Figure 3 portrays the first six characteristic modes over 1–10 GHz. With the exception of mode 2 resonating at around 1.6 GHz far away from the operating band, the remaining five modes form a collection of combined radiating modes that have the same MS of around 0.7. Meanwhile, their corresponding modal currents and radiation patterns are depicted in Figure 4 as well.

Mode 1 intersects mode 3 at 4.5 GHz, where the CA difference of 94° and orthogonal currents between the pair of degenerate modes indicated that the combination possesses the potential for CP radiation. Hence, the combination of modes 1 and 3 is named CP modes (CPM 1–3). A closer observation of the performance of the two modes in Figure 3 reveals that a single mode has low radiating efficiency at the frequency of CP modes intersection. This is because when the CA of a single mode deviates from resonance angle of 180°, the stored reactive energy increases while the radiating energy decreases. However, the CP modes can still yield 100% radiating efficiency due to compensation between the inductive energy of one mode and the capacitive energy of the other mode as they are excited at the same time.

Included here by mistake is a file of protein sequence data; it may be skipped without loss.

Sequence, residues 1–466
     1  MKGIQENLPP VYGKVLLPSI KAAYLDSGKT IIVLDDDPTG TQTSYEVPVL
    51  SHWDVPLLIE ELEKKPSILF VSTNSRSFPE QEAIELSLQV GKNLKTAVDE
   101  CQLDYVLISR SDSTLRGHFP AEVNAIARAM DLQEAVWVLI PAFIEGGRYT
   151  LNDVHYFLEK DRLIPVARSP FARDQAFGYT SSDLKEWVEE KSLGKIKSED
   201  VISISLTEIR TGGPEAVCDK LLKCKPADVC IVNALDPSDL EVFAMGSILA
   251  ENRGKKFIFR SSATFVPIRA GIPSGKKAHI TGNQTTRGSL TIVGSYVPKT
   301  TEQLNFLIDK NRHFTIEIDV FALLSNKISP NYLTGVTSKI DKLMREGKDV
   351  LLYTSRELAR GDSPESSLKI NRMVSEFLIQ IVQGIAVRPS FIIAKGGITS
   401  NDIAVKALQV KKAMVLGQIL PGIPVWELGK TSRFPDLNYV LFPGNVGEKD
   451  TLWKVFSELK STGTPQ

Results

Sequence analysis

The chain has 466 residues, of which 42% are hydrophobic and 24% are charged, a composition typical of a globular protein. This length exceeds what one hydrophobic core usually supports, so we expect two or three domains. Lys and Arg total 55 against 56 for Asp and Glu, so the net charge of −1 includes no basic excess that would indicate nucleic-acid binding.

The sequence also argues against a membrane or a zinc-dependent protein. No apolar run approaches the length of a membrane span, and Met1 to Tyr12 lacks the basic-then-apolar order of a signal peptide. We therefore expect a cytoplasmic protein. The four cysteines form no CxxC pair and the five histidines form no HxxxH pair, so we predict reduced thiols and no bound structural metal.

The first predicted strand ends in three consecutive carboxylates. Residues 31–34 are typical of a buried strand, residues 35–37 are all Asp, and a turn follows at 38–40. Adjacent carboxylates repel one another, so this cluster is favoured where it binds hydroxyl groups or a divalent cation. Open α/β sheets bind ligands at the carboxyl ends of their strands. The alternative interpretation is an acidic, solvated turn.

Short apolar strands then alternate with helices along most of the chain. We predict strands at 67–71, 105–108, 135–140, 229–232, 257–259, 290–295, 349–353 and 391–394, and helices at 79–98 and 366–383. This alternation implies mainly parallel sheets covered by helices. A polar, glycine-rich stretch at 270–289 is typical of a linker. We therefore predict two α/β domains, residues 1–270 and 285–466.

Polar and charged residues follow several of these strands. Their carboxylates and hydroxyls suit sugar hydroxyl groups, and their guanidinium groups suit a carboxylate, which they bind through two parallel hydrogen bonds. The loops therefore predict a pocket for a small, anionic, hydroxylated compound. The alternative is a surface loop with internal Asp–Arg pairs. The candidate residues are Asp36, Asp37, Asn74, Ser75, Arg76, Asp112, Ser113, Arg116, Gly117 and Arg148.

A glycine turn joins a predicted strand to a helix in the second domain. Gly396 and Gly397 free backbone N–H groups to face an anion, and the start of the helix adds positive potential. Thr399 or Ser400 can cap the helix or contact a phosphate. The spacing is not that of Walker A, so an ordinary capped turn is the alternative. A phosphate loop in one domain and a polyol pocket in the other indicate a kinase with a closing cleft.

As the frequency increases, the MS of mode 1 decreases while the MS of mode 4 increases and obtains the same MS with mode 3 at around 6 GHz. The perpendicular modal currents (J3 and J4) and the 102º CA difference make them have the potential to broaden CP operating band. Above 7 GHz, since the MS of modes 3 and 4 decay slowly after the intersection, four mode combinations (modes 3–5, modes 4–5, modes 4–6, and modes 5–6) have the same MS of around 0.7, which need to be further screened for CP modes according to the distribution of their corresponding modal currents. Clearly, the CPMs 3–5 and 4–6 feature CP potential due to their perpendicular modal currents and CA difference close to 90° at 7.3 GHz and 8.8 GHz, respectively. On the contrary, the modes 4–5 and modes 5–6 have little contribution to CP radiation due to their respective nonorthogonal currents.

In addition to modal currents, CMA also provides radiation patterns in far field for physical insight into antenna radiating characteristics. As portrayed in Figure 4, only modes J1 and J3 radiate at the boresight direction as the currents on the patch can be equivalent to one current in a single direction, whereas the other modes are characterized by cancellation of electric field in the far-field region at the boresight because their equivalent currents exhibit opposite directions with respect to the center of the patch. It should be noticed that although mode 3 still achieves boresight radiation pattern at around 6 GHz with an approximate 90° rotation for E-plane relative to that at 4.5 GHz, it generates a radiation null as the frequency rises to 7.3 GHz.